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    1. I’ve heard different “rules” on comment length, but I don’t put much stock in them. Personally, I appreciate it when folks take the time to really engage with something I’ve written. That being said, very long comments can look like an attempt to “take over” a thread or to take focus from the original post — my (very vague) rule is that if a comment needs paragraph breaks, it’s better to leave a comment with your key point, then write your own post and share that.

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  8. Great post come check out my blog at ___________ LOL Joking!! I totally agree with this and I think people should read as a requirement before starting to blog!! It’s kinda annoying when I read other people’s comments on a really good blog post that I want to comment on and I see people advertising themselves…

    Liked by 1 person

  9. I’m so glad that you posted this. I am new to the blogging world, but I do know the value of a good comment. My fiance would say “Hey look babe, you got three comments on your post already” but they each said “nice” “cool” and “thanks for posting.” I started a blog so that I could interact with others. I want to actually hold conversations, whether they are silly or serious, I want to CONVERSE with others.. not just comment in passing.

    Liked by 1 person

  10. So you gotta deal with a few spam comments to get featured on Freshly Pressed? Sounds worth it to me! Lol I’m new to blogging so I really appreciate The Daily Post teaching proper blog etiquette, keep it up guys.

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  11. I really enjoyed this article. I appreciate the tips given here and I intend to pass them along. Although I new to blogging, I am not new to etiquette. I try to make me comment clear, supportive, and treat it as if I am talking with someone face-to-face. I certainly wouldn’t appreciate someone who walks up to me the street, hands me their business card, and then quietly slips away. The business card will end up in the trash.
    Great guidelines for a beginning blogger. Great guidelines for anyone leaving comments anywhere!

    Liked by 1 person

    1. That real-life example if a great way of thinking about it. If you wouldn’t do/say something to a person on the street, why would you do/say it in their online house?

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    1. RAE,

      I totally noticed your blog. Unfortunately that doesn’t really get you much of anything. But still I love your artwork and think you are hilarious. I am sure I have left many fluff comments. I apologize (unless you want more of those). I hope that you have a fantastic day and that you do more cat drawings. Cheers.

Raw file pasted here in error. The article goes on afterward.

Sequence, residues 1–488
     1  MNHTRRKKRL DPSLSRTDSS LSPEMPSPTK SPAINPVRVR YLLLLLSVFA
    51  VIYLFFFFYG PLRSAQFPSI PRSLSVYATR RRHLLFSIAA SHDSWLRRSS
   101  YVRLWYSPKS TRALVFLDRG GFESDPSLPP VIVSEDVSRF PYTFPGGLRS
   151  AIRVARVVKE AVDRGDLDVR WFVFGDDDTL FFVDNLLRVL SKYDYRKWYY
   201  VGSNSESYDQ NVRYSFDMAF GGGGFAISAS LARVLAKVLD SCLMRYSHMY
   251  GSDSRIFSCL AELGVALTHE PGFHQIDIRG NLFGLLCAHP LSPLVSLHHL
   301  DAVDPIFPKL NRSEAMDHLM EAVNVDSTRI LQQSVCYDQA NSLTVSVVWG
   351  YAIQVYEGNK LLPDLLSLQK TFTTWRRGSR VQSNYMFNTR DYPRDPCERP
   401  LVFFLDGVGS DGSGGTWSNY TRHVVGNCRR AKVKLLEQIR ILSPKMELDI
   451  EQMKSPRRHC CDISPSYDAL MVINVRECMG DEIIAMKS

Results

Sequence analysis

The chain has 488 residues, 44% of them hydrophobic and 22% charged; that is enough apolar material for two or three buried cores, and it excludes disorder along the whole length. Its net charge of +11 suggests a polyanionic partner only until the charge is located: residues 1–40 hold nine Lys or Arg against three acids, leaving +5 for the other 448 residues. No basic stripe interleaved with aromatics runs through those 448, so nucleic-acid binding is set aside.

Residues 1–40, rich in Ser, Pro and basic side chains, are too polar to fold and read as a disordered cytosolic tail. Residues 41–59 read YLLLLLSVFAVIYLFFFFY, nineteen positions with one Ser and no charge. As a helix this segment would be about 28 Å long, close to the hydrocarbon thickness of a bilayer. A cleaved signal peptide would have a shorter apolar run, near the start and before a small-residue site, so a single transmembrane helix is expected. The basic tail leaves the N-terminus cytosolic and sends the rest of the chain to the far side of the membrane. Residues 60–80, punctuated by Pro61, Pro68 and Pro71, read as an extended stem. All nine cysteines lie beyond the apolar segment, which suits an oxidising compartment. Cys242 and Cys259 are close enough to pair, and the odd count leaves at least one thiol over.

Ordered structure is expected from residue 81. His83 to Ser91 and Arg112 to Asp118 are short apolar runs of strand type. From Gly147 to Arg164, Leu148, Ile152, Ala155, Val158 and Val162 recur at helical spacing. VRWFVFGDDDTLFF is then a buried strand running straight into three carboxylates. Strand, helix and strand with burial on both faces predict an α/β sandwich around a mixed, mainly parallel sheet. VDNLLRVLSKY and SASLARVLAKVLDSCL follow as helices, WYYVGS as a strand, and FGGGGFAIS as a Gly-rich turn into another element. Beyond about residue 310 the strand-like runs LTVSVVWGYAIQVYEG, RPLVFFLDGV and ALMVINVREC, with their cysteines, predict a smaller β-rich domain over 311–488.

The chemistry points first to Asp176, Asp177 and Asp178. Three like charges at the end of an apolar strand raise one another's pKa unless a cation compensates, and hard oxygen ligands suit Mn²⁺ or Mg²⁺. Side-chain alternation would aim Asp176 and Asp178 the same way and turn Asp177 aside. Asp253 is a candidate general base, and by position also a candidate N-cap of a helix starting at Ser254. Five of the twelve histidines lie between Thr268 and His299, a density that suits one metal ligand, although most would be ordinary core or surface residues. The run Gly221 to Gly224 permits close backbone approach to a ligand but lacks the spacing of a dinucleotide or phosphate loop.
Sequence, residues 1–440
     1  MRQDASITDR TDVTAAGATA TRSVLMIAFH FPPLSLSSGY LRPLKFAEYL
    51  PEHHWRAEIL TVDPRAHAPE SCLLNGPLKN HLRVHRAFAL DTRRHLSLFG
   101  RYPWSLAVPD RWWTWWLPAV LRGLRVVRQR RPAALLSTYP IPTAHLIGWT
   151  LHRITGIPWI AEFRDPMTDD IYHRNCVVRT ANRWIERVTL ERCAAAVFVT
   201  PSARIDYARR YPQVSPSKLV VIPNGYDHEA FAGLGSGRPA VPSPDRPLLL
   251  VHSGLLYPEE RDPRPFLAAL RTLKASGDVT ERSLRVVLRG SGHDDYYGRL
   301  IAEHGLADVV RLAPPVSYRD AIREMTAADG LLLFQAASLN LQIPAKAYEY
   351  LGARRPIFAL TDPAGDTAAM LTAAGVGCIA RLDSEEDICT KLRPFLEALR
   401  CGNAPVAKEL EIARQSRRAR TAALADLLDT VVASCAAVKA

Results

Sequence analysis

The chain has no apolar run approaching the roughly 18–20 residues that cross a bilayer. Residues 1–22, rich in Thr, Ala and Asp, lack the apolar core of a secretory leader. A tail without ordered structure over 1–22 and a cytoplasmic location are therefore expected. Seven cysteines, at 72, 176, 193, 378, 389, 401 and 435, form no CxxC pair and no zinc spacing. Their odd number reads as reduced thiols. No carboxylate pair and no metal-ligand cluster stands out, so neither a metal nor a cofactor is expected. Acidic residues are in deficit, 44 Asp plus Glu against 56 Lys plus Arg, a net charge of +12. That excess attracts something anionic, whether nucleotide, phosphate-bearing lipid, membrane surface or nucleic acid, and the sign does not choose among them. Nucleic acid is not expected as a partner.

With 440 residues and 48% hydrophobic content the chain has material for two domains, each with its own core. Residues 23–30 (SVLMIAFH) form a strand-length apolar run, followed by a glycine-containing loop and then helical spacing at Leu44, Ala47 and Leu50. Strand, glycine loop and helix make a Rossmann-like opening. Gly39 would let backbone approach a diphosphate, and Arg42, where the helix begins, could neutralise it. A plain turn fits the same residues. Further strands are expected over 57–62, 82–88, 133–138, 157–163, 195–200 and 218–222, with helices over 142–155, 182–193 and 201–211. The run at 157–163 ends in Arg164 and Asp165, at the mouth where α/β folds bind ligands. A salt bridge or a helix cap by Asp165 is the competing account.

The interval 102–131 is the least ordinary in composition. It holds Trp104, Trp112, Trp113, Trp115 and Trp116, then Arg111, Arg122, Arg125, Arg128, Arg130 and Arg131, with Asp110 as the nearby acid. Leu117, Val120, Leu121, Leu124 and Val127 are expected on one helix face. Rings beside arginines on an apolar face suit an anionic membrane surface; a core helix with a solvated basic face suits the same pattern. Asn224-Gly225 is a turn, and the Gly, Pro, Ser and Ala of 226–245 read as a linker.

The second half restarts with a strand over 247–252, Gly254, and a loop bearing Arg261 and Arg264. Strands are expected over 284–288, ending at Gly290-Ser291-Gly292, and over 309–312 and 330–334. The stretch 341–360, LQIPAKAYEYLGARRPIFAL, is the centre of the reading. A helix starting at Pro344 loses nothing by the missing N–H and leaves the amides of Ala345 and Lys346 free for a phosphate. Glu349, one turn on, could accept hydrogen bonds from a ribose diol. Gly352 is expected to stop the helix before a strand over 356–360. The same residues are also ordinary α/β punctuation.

-Soul Walker

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      1. Wait, I realized this post wasn’t yours. I got confused, sorry! I saw your reply and thought, “Oh shit, he has another blog I don’t know about!”

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  12. Good informative post.
    Another great example of weird posts are people you know who leave comments totally unrelated to your post, like my granny did. Asking about my day, verifying she received my post card and wishing me well. Very sweet and all but I did ask her to leave that kind of stuff for Facebook 😉

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  13. Wow, that was a really nice post…I mean, it’s pretty true when you get people that just say nice post as opposed to people that actually comment on what was meant. Though I think a lot of times people comment about things that I didn’t even mean to be the point. Maybe I should make sure my posts make sense…

    Liked by 1 person

  14. Thanks for this post, very valuable information.

    I recently did put the url to one of my blog posts as a comment on someone’s site, but it was for a specific post that was totally relevant to the subject and his ‘niche’. In response the lovely author emailed me directly to talk further, and we’ve been in touch ever since, and hope to meet up to chat further at some point. He may be a useful contact for a new business venture.

    So sometimes it’s ok maybe?!

    Oh, and as an added benefit, though it truly was not my objective, I got my highest number of post views that day 😉

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  15. Thank you, thank you, THANK YOU! Often, I ‘like’ one without commenting if I cannot think of anything truly original or clever to say. But never, ever plug! I get gobs of ’em on my WP moderation queue; generic like you describe above, mostly by people who have no concept of spelling or grammar.

    You are right; it is insulting to receive comments that not only selfishly exploit your personal creative online space for their own personal benefit, but when it is obvious they haven’t even read anything between the first and last oaragraphs, that is the real slap in the face.